Figure 2. Later stages of gray mold fruit rot on strawberry. Note that the fruit is covered by a “gray” mass of fungus growth. Figure 3. Gray mold fruit rot on raspberry.

Select a planting site with good soil drainage and air circulation. Plants should be exposed to direct sunlight. Plant rows with the direction of the prevailing wind to promote faster drying of foliage and fruit.

A good layer of straw mulch (or other material) between the rows or around the plants aids greatly in controlling fruit rots. The mulch acts as a barrier that reduces fruit contact with the soil.

Proper spacing of plants and timing of fertilizer applications are also important. Excessive applications of nitrogen fertilizer, especially in the spring before harvest, can produce excessive amounts of dense foliage. Shading of berries by thick foliage prevents rapid drying of the fruit during wet periods and creates ideal conditions for disease development.

Good weed control is very important. Weeds prevent air movement in the plant canopy. This slows drying time of flowers and fruits and increases the chances for infection. Pick fruit frequently and early in the day as soon as plants are dry. Cull out all diseased berries but do not leave them in the field. Handle berries with care to avoid bruising. Refrigerate fruit promptly at 32 to 50 degrees F (0 to 10 degrees C) to check gray mold.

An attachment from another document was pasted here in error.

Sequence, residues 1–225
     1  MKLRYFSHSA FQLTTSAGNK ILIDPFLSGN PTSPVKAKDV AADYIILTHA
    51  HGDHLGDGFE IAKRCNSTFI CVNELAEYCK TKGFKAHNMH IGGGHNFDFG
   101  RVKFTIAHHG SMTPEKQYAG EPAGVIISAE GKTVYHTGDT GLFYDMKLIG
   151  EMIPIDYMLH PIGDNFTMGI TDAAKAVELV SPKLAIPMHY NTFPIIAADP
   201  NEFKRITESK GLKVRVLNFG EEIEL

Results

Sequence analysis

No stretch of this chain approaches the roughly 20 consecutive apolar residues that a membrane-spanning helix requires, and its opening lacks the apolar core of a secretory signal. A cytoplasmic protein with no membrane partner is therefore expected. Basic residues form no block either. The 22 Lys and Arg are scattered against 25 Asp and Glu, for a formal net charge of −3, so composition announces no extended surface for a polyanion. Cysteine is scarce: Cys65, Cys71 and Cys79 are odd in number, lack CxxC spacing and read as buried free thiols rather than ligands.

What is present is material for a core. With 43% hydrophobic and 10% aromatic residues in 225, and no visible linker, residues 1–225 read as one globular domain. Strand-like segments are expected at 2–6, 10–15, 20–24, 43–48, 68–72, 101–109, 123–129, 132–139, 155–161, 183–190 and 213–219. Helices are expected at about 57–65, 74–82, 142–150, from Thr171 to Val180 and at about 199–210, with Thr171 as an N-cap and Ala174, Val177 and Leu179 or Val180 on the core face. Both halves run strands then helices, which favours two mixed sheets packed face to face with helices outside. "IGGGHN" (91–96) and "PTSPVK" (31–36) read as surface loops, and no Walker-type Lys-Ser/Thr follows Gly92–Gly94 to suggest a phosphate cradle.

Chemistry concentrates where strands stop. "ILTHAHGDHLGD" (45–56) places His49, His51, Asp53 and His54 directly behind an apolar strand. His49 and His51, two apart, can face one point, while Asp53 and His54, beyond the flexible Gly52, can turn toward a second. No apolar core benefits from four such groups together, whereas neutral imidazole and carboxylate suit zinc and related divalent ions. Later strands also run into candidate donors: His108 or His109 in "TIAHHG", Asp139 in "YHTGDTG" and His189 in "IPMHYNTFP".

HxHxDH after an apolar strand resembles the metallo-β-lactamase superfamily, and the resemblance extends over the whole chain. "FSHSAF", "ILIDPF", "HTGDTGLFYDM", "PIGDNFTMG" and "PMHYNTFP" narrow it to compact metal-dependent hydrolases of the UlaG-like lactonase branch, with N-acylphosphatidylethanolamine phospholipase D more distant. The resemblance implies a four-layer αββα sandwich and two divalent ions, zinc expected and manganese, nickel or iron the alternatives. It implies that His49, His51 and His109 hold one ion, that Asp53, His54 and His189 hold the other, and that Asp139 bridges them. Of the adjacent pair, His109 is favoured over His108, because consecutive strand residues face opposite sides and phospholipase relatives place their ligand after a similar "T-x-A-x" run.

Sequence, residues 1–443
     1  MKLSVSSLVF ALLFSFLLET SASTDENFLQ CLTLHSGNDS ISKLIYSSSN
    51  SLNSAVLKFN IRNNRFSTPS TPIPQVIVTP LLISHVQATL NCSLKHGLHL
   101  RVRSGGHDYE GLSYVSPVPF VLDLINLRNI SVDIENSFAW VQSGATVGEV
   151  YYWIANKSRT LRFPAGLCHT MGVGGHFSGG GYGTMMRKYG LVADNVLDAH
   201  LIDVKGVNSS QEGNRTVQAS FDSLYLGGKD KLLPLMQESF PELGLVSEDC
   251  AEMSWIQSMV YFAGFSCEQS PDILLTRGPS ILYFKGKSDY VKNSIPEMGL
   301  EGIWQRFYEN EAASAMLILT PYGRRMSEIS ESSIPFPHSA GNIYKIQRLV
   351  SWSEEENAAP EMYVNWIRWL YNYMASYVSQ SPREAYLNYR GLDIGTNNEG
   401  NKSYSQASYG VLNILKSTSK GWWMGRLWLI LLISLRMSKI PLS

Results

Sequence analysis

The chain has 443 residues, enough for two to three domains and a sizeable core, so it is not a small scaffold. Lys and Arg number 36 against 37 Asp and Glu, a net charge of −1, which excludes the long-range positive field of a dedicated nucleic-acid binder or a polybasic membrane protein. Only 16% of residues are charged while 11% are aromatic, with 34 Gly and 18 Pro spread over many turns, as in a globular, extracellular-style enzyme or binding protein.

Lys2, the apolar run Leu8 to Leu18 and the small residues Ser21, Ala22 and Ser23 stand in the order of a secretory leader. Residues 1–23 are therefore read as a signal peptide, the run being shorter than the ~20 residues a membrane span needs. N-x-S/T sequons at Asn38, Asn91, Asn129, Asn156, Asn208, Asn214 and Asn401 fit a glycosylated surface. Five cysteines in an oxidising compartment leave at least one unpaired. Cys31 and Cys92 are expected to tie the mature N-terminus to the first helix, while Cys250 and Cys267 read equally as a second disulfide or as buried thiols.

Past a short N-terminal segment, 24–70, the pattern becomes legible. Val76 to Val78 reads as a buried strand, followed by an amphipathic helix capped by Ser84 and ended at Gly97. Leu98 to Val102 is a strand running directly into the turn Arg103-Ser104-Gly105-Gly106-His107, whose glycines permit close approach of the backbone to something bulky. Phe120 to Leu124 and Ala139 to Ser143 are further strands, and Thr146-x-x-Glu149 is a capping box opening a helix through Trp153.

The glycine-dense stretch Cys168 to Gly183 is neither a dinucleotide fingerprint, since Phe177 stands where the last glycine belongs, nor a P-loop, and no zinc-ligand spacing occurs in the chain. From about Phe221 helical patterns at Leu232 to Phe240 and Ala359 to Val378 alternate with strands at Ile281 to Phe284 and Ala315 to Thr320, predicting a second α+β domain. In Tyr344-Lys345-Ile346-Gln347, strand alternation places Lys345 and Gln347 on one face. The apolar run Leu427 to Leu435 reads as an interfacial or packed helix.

Fungicides are an important disease management tool in commercial plantings, but are generally not effective unless they are timed properly and used in conjunction with the above mentioned cultural practices. Homeowners are encouraged to emphasize the use of cultural practices in order to avoid the use of fungicides. For the most current fungicide recommendations and spray schedules, commercial growers are referred to Bulletin 506, Midwest Fruit Pest Management Guide, and backyard growers are referred to Bulletin 780, Controlling Diseases and Insects in Home Fruit Plantings. These publications can be obtained from your county Extension office or the CFAES Publications online bookstore at

Figure 4. Disease cycle of gray mold on strawberry. We wish to thank the New York State Agricultural Experiment Station for use of this figure. It was taken from the Small Fruit IPM Disease Identification Sheet No. 1.

This fact sheet was originally published in 2008.

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Originally posted Apr 15, 2016.